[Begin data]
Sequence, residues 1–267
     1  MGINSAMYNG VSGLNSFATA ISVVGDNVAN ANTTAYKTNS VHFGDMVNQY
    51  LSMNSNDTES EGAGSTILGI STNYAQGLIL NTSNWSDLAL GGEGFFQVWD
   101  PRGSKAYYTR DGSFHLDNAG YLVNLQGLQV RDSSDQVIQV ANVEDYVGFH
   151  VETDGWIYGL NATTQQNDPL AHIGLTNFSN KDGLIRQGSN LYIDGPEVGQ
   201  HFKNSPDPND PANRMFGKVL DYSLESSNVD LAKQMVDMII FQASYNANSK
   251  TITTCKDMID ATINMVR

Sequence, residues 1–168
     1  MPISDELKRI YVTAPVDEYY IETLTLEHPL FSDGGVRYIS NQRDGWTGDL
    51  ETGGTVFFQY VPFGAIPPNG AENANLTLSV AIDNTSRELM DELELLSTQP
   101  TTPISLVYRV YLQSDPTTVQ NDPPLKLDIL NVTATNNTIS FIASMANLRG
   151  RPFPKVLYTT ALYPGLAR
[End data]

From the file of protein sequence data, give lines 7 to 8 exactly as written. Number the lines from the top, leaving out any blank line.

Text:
   251  TITTCKDMID ATINMVR

Sequence, residues 1–168